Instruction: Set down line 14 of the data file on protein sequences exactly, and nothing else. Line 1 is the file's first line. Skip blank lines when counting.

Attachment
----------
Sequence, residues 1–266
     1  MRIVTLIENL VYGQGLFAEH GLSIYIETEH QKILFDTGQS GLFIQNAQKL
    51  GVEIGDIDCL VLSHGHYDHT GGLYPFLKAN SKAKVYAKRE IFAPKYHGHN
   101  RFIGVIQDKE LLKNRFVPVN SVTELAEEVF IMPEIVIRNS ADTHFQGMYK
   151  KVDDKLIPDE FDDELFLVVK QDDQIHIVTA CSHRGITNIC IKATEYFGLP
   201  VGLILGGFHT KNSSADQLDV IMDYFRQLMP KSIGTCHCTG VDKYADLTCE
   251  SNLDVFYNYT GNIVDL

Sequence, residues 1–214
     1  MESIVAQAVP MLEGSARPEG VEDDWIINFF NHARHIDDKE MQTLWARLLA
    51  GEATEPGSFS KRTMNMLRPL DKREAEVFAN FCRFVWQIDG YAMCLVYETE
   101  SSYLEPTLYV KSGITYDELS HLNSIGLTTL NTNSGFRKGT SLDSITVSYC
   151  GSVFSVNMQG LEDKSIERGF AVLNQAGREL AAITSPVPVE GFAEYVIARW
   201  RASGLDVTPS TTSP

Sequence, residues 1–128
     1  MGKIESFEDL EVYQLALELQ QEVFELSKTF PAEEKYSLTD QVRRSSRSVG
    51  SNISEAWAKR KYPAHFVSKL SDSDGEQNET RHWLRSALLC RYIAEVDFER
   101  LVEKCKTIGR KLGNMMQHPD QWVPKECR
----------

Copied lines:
Sequence, residues 1–128